Below is an email that I have sent to Katie Ghose, Chief Executive of the Electoral Reform Society (ERS) in response to a recent report she circulated to I believe all local Councillors in England. The report is called "The Cost of One-Party Councils: Lack of Electoral Accountability and public procurement corruption" by Cambridge academic, Dr Mihály Fazekas, who believes that one-party Councils cost some £2.5 billion per year in excess costs for defective contracts. The ERS believe that this report supports their call for proportional representation in Council elections and have asked for responses.
Thank you for sending me a copy of this hard hitting and provocative report. As a Labour Councillor in the London Borough of Newham which has no elected opposition and has been controlled by my Party for over 100 years, I was of course interested in its findings. I also sit on my authorities' scrutiny commissions and was myself, a former officer, employed by another Council for many years.
Firstly, I note that although you say in your covering email that there are many one-party councils "which are models of local government excellence and efficiency" the report by Dr Fazekas does not seem to support this. I am also puzzled that London Councils are omitted from this analysis since "due to the two-tier government structure and London’s special economic position within England". There are two-tier structures in non London authorities and such procurement issues are surely similar in London and the rest of England?
I also see that the London Borough of Newham is also mentioned in the main report (page 2) and used to illustrate "governance weaknesses and mismanagement of public funds such as the
London Borough of Newham‘s East Ham Campus project (PricewaterhouseCoopers, 2015)". A number of London boroughs are also listed in Table 4 as being one-party dominated.
I am not a statistician so I freely admit to have struggled to fully understand and evaluate all the empirical "big data" evidence that support the report's conclusions on the link between one party control and corruption. I feel though that it is somewhat stating the obvious that having such control and dominance leads to a real risk of inefficiency and corruption. However, I don't necessarily think that it is always inevitable as long as the necessary checks and balances are in place.
The justification about the"red flags" dangers for corruption risks - such as there being only a single bid, not publicising tenders in the official procurement journal, too short times between adverts and submission of bid, rigged assessment procedures etc are persuasive and well made. All Councillors should be aware of this. I suspect that there is insufficent vigour in scrutiny in many one-Party Councils and money is wasted. However, I can see that a local authority may for various valid reasons include non competitive requirements in any contract such as wanting an in-house team or a Living wage for a contracted out workforce. This does not always mean that they are corrupt or wasteful.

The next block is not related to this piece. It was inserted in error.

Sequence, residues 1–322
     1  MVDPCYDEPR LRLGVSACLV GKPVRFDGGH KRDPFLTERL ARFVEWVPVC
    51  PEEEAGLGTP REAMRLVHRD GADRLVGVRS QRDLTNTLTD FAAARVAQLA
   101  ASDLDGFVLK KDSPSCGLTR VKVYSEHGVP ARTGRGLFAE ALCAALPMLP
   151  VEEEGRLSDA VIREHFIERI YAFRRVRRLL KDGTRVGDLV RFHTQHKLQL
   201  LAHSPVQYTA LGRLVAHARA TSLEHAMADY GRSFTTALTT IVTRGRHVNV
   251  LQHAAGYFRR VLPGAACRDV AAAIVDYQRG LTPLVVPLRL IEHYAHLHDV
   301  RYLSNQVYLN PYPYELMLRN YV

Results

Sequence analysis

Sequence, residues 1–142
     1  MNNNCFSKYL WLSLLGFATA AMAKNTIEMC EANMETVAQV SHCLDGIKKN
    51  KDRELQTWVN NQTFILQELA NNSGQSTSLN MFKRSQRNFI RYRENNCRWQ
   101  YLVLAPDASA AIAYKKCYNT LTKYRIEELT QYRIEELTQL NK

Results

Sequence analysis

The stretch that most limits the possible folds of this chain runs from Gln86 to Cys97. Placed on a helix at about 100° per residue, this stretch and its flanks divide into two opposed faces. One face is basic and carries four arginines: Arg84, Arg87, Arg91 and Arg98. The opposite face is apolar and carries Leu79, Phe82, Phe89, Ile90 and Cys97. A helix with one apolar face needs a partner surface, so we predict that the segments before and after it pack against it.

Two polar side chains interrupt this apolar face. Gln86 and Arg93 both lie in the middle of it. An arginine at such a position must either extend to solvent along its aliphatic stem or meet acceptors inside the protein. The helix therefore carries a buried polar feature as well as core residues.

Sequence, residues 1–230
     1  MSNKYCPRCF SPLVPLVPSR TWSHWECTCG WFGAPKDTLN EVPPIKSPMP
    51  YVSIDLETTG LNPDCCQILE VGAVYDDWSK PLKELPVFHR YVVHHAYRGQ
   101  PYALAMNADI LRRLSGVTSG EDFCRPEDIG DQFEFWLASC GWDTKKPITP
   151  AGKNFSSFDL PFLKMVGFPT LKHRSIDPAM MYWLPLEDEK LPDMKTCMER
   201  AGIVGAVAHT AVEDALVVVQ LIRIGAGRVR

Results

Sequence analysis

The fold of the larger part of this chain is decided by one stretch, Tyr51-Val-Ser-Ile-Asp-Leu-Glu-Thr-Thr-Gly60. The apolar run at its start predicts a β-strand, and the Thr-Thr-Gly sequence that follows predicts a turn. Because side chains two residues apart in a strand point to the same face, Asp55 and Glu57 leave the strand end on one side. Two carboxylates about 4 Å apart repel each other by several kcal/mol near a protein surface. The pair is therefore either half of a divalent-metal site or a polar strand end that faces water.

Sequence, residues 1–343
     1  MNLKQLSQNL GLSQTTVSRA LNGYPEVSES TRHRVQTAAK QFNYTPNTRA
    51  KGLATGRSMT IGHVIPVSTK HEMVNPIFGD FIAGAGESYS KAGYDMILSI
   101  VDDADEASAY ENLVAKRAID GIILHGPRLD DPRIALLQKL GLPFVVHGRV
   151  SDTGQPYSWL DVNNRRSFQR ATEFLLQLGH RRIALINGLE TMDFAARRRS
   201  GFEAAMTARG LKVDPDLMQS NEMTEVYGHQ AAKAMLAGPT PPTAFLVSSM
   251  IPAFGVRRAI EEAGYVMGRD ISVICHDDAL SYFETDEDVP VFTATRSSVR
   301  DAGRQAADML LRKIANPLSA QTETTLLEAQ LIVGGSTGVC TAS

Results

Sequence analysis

In my time in local government I am aware that corruption has taken place but at the risk of appearing naive, I do not believe it to be epidemic and widespread. By and large we are well served by our local government officers, although there are rotten apples and some very poor practises. Having a full competitive tendering process can be a very complex, lengthy, bureaucratic and expensive. It may well be more effective and efficient not to always have such processes. This must always be fully justified.
While I am actually a long standing supporter of proportional representation in national and local elections I do not think it is a panacea for all ills. I read the main report while on a visit to Rome, Italy (see picture above). Which is a beautiful and historic place but it is not exactly a model of good governance and anti-corruption, despite having proportional representation for their elections for many years. "First past the post" is plainly wrong and fatally flawed but often in one-party councils, opposition parties are ineffective since they are disorganised and do not receive the support needed from their national organisations who concentrate resources in marginal election areas.
I also have my doubts about the single transfer vote system since I think Party "top up" lists are inherently dangerous and risky since they give too much power to the Party machine.
Finally, I think just as important as electoral reform, local government needs structural and legislative reform. Such as making the role of scrutiny committees much more robust and truly independent of the Executive; beefing up Standard Boards; time limits on Council leaders; stopping backbench Councillors being refused information by Chief officers for no substantiated reasons; being open and transparent and stop restricting information to the public or press unless absolutely necessary; making officers' hospitality register a public document; better guidance from national political organisations on the role of elected members as being champions of their constituents and holding the Executive to account. Last but not least, we should reintroduce powers to surcharge individual Councillors who act without due care or legal authority with public money.
(this is of course in a personal capacity and not be seen as representing the views of anyone but myself)
Update: I think I have confused the STV system for electing local Councillors with that used to elect the devolved government. It is confusing. Hat tip Tim R-P.